Most of us tend to think of art and science as being two very different subjects. They certainly were in my high school where I frequently got in trouble for doodling when I should have been paying attention to the chemistry teacher. But increasingly today we are seeing efforts to show that the two are not just related, but connected and complementary.
Kelly Milukas is an artist who is trying to bring the worlds of art and science together in a way that both engages and informs. Milukas uses the symbolism of keys as a way to illustrate how science attempts to unlock the mysteries of the human body. She also explores the world of regenerative medicine by showing the beauty of stem cells as seen through pictures taken with microscopes. They’re not only important from a scientific perspective; they are also stunning works of art.
Kelly’s work was originally commissioned by the Regenerative Medicine Foundation (RMF) for an exhibition in Palm Beach, Florida. RMF cites as part of its mission the need to explore “the body’s natural ability to heal itself.”
Now RMF and Kelly are bringing that message, and that art, to the San Francisco Bay Area. Kelly will be presenting her art and talking about the inspiration behind it in a special free public event as part of the RMF’s national conference on Monday, May 5th at 6.30pm at the Claremont Hotel in Berkeley.
The presentation is called “Keys to the Cure & the Art of Science: Unlocking the Body’s Ability to Heal Itself.” The art will be used as a springboard for a wider discussion about stem cells and regenerative medicine featuring one of the world’s best know stem cell scientists, Dr. Anthony Atala, Director of the Wake Forest Institute for Regenerative Medicine. Atala is best know for his research using stem cells, and a 3D printer, to create new tissues and organs. Alongside Atala will be two great friends of the stem cell agency, Patient Advocates Katie Jackson and Don Reed.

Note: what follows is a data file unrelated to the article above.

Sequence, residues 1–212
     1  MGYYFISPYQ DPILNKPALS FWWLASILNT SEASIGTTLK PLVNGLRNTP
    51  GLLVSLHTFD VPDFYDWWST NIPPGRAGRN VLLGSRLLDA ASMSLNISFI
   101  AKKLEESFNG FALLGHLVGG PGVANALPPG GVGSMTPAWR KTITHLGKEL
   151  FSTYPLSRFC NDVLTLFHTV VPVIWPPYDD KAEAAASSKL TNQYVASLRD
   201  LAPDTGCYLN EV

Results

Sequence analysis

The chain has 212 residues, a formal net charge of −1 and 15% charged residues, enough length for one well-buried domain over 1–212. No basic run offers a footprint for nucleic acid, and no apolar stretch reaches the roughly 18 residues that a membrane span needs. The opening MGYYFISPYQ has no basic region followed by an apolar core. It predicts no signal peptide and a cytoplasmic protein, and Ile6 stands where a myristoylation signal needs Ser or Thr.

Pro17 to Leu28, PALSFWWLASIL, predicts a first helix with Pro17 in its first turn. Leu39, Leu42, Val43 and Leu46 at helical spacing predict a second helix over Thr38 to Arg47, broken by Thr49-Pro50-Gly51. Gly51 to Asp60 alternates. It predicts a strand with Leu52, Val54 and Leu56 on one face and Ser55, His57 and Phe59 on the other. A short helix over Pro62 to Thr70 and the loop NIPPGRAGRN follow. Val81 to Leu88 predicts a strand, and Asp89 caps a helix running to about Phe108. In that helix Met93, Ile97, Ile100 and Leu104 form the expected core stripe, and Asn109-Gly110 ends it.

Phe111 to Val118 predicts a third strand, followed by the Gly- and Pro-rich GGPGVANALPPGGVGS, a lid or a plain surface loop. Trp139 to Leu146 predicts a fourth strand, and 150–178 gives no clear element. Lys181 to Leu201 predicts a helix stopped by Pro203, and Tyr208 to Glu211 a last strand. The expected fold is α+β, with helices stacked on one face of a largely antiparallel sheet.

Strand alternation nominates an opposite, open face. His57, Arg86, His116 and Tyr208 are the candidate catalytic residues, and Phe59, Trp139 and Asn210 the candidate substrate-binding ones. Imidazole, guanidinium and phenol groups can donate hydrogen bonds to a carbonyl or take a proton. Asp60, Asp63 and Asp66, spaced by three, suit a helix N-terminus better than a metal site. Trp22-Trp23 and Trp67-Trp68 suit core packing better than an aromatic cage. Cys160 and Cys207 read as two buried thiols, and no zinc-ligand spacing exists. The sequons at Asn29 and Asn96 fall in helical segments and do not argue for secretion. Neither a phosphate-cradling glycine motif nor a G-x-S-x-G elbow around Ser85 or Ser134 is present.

A news release put out by RMF has all the details of the event.
A mirror image event, called “Stem Cells Offer Hope”, is being held at U.C. Irvine on Thursday, May 1. This features powerful images of stem cells that represent hope for people battling deadly diseases.
In a news release about the event Sidney Golub, Ph.D., Director of the Sue & Bill Gross Stem Cell Research Center says:
“As researchers, we are often awed by these microscopic stem cells and the enormity of their contributions to the growth and repair of the human body. We chose images from our research studies that capture the excitement of what these cells will accomplish. Once we unlock their potential, it will change the way medicine is practiced.”
At the University of Southern California they are using art to break down barriers. They got two groups of students, one studying art and design and the other stem cell biology, to collaborate on a project to try and come up with a new way of communicating about stem cells.
The results ranged from a watercolor of zebrafish skull images,as seen under a microscope, to a giant environmental design project for the USC stem cell building.
The works are not just visually engaging, according to Andy McMahon, head of USC Stem Cell, they also serve a valuable purpose:
“Beyond the works of art that have been forged through this collaboration, scientists have improved their ability to communicate with non-scientists, and art students have learned the beauty of science through first-hand lab experience. This has expanded our perspectives and our worlds.”
And in the end isn’t that what both science and art try to do, to change the world we live in, and to change the way we see that world.